aku-aku: v.. To move a tall, flat bottomed object (such as a bookshelf) by swiveling it alternatively on its corners in a "walking" fashion. [After the book by Thor Heyerdahl theorising the statues of Easter Island were moved in this fashion.] source: LangMaker.com. Aku Aku also has another meaning to the islanders: a spiritual guide.
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Upgrading to Rails 2.x from 1.2.6
Posted by dav at 2008 April 30 10:23 AM
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One of the first things I needed to have done at my new job was to convert the application from the Ruby on Rails 1.2.6 to the latest 2.x version. This wasn't the first time I've upgraded a 1.x app to Rails 2, but it's the first time with a significantly complex application. Some issues we ran into:

The dreaded "Expected X to define Y" error message. This message can come from a few places in the rails code, and it is a usually useless message that obscures the real problem. In this case I added a rescue clause around an internal require statement in active_support/dependencies.rb and reported the true culprit: a model definition was bombing out when trying to require acts_as_list. Many of the acts_as components of ActiveSupport were pulled out to plugins in Rails 2. So the solution was to script/install acts_as_list.

The rake deprecated task is handy, but it just does a context-free grep of the source code and warns about code that isn't problematic, like complaining about @session_key with "@session is deprecated, use session instead". Still it's a helpful place to start. It didn't catch everything of course. It was fine spotting the deprecated render_partial calls, but it didn't complain about render_text for example.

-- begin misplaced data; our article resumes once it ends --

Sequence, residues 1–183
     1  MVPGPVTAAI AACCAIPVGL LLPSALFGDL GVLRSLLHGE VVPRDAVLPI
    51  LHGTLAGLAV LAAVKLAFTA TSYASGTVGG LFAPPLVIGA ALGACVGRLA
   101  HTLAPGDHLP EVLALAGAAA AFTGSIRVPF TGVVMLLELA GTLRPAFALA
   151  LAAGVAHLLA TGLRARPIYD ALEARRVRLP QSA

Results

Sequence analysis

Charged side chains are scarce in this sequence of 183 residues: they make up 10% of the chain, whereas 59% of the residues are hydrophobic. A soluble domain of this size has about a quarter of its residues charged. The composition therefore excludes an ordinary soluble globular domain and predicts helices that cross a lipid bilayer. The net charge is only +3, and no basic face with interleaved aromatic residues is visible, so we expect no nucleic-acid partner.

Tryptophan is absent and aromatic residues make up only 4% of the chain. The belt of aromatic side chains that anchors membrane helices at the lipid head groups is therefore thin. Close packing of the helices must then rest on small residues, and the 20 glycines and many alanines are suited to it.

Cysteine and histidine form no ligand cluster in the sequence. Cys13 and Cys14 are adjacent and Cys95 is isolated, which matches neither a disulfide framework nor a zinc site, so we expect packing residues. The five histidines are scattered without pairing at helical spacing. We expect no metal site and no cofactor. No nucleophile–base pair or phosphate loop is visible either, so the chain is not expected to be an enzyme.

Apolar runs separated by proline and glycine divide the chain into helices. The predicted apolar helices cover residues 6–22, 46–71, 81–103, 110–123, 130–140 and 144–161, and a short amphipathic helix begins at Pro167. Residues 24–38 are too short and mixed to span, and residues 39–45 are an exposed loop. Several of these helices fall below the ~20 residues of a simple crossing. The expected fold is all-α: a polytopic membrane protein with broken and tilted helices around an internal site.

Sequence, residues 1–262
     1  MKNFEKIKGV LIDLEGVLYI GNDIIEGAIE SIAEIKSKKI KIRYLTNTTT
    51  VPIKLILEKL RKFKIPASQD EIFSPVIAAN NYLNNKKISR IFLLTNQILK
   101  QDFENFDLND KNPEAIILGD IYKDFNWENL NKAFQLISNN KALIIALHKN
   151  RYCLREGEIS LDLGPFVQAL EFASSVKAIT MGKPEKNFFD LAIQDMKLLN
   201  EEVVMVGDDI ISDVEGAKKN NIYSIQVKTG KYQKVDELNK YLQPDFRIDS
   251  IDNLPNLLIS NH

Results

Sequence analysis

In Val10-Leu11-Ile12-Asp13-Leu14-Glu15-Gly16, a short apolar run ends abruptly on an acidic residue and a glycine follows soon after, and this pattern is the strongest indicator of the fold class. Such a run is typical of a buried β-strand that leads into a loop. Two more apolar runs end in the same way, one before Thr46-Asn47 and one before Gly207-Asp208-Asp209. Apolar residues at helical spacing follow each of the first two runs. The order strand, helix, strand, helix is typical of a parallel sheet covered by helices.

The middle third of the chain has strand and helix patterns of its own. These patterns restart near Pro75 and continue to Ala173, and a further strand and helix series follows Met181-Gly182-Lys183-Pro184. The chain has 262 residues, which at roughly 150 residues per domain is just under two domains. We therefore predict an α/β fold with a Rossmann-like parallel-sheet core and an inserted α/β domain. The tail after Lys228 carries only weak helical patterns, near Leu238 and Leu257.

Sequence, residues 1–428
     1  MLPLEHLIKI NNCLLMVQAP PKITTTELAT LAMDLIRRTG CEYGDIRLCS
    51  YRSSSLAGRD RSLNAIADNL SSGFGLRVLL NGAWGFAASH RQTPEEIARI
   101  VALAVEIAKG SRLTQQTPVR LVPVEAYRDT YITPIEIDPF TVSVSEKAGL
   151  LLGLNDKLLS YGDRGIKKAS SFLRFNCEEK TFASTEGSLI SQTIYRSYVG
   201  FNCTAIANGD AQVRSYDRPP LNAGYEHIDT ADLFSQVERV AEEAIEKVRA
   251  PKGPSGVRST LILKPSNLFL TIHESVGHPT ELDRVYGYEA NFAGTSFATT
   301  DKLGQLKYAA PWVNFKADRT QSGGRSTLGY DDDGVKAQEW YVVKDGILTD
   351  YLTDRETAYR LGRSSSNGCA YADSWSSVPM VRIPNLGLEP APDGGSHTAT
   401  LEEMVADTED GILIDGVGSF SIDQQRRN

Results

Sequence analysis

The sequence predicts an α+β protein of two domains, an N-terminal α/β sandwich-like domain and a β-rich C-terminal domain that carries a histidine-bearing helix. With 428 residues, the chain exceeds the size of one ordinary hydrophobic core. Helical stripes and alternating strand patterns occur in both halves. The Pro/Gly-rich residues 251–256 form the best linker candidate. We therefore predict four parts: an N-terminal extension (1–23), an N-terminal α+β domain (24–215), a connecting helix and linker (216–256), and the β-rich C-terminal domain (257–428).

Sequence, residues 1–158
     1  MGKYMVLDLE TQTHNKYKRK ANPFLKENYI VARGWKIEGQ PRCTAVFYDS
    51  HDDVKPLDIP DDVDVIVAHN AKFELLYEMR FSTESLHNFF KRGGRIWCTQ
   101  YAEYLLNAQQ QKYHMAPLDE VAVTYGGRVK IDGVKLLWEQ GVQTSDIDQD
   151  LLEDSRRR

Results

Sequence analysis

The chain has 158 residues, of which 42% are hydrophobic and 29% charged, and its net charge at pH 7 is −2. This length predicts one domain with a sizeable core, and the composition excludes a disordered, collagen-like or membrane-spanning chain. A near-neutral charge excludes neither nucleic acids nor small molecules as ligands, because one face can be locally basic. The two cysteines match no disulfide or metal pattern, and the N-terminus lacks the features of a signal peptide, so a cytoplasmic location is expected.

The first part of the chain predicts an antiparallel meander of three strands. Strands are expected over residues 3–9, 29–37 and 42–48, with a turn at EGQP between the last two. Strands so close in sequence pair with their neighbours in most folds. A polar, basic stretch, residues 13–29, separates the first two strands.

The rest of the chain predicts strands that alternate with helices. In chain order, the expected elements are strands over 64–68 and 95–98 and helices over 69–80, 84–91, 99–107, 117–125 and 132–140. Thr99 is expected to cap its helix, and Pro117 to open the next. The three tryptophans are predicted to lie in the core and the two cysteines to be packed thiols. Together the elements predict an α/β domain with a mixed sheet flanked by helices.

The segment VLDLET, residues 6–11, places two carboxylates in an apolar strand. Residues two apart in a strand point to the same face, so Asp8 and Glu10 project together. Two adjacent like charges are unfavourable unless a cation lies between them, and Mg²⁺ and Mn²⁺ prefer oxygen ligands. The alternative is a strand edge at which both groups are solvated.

We had a number of problems in tests that had been dependent on the fact that in Rails 1 fixtures loaded into models didn't set the timestamps. In other words, unless you specified a created_at or updated_at in the YAML file you got NULL for those columns in the database. In Rails 2 apparently that's no longer true. It sets the timestamps on all fixtures. A quick workaround for this that worked for us was to clear the fixtures before tests that were dependent on only certain records having timestamps. The tests and fixtures will need to be fixed eventually.

Behavior change in the radio_button_tag. Rails 2 added this:

def radio_button_tag(name, value, checked = false, options = {})
  pretty_name = name.to_s.gsub(/\[/, "_").gsub(/\]/, "")

Which changed the ids on several of our input tags to something arbitrarily prettier but unexpected by the application.
Associations on models were screwy. From script/console:
>> g.game_category
NoMethodError: undefined method `game_category' for # 
from /Library/Ruby/Gems/1.8/gems/activerecord-2.0.1/lib/active_record/attribute_methods.rb:205:in `method_missing' from (irb):2
>> g.game_category_id
=> 1
>> class << g
>>   belongs_to :game_category
>> end
=> nil
>> g.game_category
=> #
This was annoying. I dug back into the active_support/dependencies.rb and started puts-ing around with the code that does the loading. I found that the Game constant was being defined when the Migrator class was being loaded. It turns out that a migration was defining Game in order to cheaply access some ActiveRecord methods, but not bothering to declare the associations. I could have added the association in the migration, and I thought for a moment of changing the AutomaticMigration code to clear any constants it loaded when it was finished, but decided the safer and quicker appproach is to just rename the class in the migration and use set_table_name to point it at the games table. This goes along with my general notion that using ActiveRecords in migrations is a bad idea.

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